Independent candidate wants bilingual education, services and a treaty

March 17, 2016

Yingiya Mark Guyula, a spokesperson for the Yolngu Nations Assembly, will stand as an independent candidate for the seat of Nhulunbuy in the Northern Territory elections in August.

He kicked off a national Treaty awareness and fundraising speaking tour with a meeting in Darwin on March 7, before speaking in Adelaide, Geelong, Melbourne and Sydney. He spoke to Green Left Weekly's Peter Robson in Darwin and Zebedee Parkes in Sydney.

* * *

Can you tell us a bit about yourself?

I'm a man of the Yolŋu people group, Djambarrpuyŋu nation and the Liya-dhalinymirr tribe in East Arnhem Land.

I've been teaching about language and culture for a long time. I taught from home, then came over to Darwin and taught part time at Charles Darwin University in Yolngu studies. Then, in 1998, I got a lecturing position. All the way along, my vision was to create some sort of connection or recognition between Yolngu and Balanda (non-Aboriginal people) and the government.

At that time, the federal and NT governments were changing the laws about Indigenous issues. [These laws] weren't for us. It was getting harder and harder. So through my teaching, I started to put more focus on law and order.

I have the title of Djirrikaymirr (judge) among my people. This makes me an authority on the Yolngu traditional system of law, called Maḏayin. My tribe is one of a number of groups responsible for oversight of the indigenous central governance institution of Ngarra (a sort of parliament). This is where my passion lies. Maḏayin law and the Ngarra institution has maintained peace, justice and harmony in Arnhem Land for millennia.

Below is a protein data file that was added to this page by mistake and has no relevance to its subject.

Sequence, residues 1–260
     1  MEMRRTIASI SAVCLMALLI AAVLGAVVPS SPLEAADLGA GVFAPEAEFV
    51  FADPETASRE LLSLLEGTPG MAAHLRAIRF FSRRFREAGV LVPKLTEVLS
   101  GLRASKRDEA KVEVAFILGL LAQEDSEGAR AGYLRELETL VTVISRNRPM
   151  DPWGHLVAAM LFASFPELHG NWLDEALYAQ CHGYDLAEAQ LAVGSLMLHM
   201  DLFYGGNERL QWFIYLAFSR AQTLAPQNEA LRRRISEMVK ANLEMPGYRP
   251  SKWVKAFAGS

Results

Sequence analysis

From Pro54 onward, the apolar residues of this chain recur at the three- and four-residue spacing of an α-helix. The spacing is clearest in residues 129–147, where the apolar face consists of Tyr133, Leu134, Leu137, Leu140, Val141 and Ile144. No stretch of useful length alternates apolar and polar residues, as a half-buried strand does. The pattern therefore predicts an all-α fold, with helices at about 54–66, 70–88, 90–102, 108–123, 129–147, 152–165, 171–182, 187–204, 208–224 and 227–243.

How did you get involved in politics?

When the NT Emergency Response (NTER) [NT intervention] came through, it really hurt.

It was a nightmare that took power away from the homeland communities and disempowered our elders. They came in with armed forces, separated us from our children, and took away resources and work — like CDEP [Community Development Employment Programs] — and put people on the dole. Then people had to start working for the dole.

We couldn't believe what was happening to us. The powers that we use to raise and discipline our children, run our affairs and think for ourselves were just taken away from us. We tried very hard to take the NTER legislation away, so we could be left alone and speak for ourselves. But it just got harder and harder.

We've been voting for people but our voices just haven't been heard. We voted for people to go and represent our voices in the parliament, to say the intervention is a bad thing, a shame job. It's embarrassing. It doesn't make us human beings. It's taken away our community, our leadership.

And then another government [Labor] came in, promising to remove the NTER, but they just changed it to Stronger Futures, which wasn't any better. Then we were worse off.

People started seeing more resources removed from homeland centres and put into major communities. Now we have truancy officers and large police numbers patrolling and being a nightmare to people.

We kept calling out “This must stop!” We thought the government must listen, but instead the Intervention and Stronger Futures just kept coming.

People were starved out of the homelands, infrastructure was cut, health and education centres were shut down, which brought people into town. Now everyone is living in major communities, and everyone is very sick, very worried.